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Why Most Workplace Violence Plans Aren't Worth the Paper They're Printed On

Jeffrey Miller
Jun 28, 2008
In Today's world, we expect that certain occupations, by their very nature, come with a certain level of risk. When we think of dangerous jobs, we immediately make mental note of those most at risk.

For most, we can understand how people who choose careers like:

- Police Officer

- Firefighter

- Corrections Officer (Prison Guard)

- Soldier, and...

- Security Professionals...

...knowingly place themselves in danger, merely by accepting the position.

And yet, statistics clearly show that these professionals may not be as at-risk as others. In fact, the list of employees and workers in so-called non-violent, even mundane professions like taxi drivers, who find themselves in danger as often, if not more so than those above, might surprise you. In fact, most people are surprised to find that...

... nurses and other medical professionals head the list!

It's true.

And, while many companies have some kind of workplace violence plan in place, most of these plans are missing crucial elements that, when an actual attack takes place, renders them as useless as a ladle with holes.

What's Missing From Most Plans?

Here's a list of some of the elements and key pieces of a "complete" workplace violence plan. These elements are easily added to your employee training program. Even if your company can't afford the expense of bringing an expert on-site, sending key employees to training events so they can bring back vital information and knowledge can be done for a fraction of the cost. Training like:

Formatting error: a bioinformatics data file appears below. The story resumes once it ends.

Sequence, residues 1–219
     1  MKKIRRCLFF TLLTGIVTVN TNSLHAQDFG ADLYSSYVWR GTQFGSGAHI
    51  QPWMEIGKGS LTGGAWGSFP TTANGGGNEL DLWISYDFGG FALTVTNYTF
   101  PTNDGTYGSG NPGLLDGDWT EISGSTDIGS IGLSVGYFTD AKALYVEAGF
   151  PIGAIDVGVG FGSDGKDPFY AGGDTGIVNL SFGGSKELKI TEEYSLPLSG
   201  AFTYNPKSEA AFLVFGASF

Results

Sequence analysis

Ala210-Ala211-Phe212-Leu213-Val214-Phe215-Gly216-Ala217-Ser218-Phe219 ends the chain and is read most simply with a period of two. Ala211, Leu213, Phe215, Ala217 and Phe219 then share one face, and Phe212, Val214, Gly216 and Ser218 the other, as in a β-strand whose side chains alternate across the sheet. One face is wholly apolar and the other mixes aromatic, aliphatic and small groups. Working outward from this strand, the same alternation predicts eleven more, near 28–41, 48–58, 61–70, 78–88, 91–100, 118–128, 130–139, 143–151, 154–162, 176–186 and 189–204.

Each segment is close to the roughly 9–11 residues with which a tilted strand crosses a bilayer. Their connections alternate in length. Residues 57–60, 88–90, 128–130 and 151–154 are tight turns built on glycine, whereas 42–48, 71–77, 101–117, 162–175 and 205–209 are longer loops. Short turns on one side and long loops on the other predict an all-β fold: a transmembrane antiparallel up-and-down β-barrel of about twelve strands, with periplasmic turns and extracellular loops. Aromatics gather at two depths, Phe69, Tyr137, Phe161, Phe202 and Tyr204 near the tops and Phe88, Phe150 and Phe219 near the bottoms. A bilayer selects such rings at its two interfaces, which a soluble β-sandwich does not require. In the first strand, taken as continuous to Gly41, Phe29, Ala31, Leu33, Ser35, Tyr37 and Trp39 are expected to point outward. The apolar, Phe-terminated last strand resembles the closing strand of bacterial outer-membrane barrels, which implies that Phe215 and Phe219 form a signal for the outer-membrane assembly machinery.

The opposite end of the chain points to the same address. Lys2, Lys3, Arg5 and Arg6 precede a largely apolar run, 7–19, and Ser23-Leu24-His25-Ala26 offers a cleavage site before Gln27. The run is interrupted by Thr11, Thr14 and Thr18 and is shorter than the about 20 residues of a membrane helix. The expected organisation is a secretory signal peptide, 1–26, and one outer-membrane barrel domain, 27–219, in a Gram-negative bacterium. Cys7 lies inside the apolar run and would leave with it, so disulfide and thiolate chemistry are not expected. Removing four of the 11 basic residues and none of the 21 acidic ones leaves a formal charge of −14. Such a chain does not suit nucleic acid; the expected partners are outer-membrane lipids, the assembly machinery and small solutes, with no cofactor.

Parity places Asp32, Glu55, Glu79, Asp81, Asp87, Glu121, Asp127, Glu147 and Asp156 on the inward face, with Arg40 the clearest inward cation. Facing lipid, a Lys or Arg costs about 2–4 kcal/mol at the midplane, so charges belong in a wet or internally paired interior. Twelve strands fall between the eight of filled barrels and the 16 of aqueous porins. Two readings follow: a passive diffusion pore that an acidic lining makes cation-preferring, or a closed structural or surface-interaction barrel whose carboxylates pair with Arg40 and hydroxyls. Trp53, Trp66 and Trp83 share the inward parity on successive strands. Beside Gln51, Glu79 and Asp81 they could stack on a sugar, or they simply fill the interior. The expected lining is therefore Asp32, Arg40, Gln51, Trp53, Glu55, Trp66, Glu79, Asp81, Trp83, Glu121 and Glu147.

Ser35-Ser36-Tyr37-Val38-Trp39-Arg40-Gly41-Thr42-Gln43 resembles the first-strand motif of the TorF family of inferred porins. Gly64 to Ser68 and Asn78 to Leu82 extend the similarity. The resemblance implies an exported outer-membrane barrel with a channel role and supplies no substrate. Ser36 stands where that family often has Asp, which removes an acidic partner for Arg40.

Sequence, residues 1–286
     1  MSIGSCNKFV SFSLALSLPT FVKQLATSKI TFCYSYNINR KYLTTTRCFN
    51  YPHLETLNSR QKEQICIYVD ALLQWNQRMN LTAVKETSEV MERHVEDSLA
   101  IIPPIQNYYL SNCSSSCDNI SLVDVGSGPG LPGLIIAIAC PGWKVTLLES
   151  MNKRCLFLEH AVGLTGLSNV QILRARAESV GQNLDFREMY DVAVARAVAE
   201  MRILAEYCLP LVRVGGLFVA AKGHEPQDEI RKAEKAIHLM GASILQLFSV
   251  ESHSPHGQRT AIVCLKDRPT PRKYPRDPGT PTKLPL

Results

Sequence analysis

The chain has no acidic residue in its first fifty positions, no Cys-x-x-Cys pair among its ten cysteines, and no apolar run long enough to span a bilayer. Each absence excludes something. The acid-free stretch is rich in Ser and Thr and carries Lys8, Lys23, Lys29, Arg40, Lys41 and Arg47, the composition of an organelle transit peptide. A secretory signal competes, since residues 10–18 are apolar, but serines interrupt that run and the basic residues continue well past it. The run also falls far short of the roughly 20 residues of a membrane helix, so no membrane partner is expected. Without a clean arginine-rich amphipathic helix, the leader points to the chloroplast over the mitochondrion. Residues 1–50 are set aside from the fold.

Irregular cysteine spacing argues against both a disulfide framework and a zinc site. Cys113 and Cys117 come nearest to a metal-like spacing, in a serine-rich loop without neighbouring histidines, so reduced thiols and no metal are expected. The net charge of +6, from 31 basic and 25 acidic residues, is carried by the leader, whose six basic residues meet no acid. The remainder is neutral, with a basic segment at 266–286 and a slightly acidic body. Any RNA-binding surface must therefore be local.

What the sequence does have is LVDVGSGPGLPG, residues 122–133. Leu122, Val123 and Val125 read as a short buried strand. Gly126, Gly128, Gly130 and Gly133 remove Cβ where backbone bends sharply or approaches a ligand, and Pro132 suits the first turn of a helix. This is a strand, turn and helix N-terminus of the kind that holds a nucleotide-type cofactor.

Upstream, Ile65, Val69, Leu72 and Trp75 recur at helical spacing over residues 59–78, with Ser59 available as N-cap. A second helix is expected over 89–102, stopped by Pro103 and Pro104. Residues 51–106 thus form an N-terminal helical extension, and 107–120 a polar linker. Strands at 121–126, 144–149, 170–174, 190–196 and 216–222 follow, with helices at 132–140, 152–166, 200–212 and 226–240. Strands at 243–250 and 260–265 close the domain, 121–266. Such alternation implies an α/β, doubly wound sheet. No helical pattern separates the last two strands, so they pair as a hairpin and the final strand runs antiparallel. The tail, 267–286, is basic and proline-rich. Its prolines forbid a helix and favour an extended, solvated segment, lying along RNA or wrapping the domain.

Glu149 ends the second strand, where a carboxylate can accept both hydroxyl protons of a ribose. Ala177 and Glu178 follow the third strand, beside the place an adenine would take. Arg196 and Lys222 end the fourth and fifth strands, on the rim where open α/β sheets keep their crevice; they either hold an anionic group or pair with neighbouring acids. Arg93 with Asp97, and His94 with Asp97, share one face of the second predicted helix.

1. Escape and evasion tactics for escaping from an attacker or hostile situation

2. Use of effective cover to avoid gun fire, thrown or falling debris

3. Assault avoidance tactics (avoiding punches, kicks, and weapon attacks)

4. Attack evasion techniques (escaping from grabs, pinning attacks, and restraints)

5. General self-defense principles and tactics (i.e. "6 phases of an effective self-defense plan", 5 phases of an effective physical defense, simple and easy to learn defensive techniques for escaping from danger, etc.)

6. Non-physical tactics (including verbal and body language skills designed to distract or dissuade a would-be attacker)

7. Post-assault trauma training, and...

8. Dealing with the legal system after an incident

Please note that I am not criticizing the elements that most plans already possess. What I am pointing out, and continue to point out to every client and group that I talk to is this..

...if your plan lacks the elements listed above, then it is not designed to deal with the operative word in its title: "violence!"

Think about it.
About the Author
Jeffrey M. Miller is the founder and CEO of Warrior Concepts International. He is a consultant and trainer in the area of workplace violence defensive tactics training and liability-conscious, conflict resolution. He can be reached through his website at www.wcinternational.com. Media and corporate inquiries should call (in the US and Canada) (570) 988-2228.
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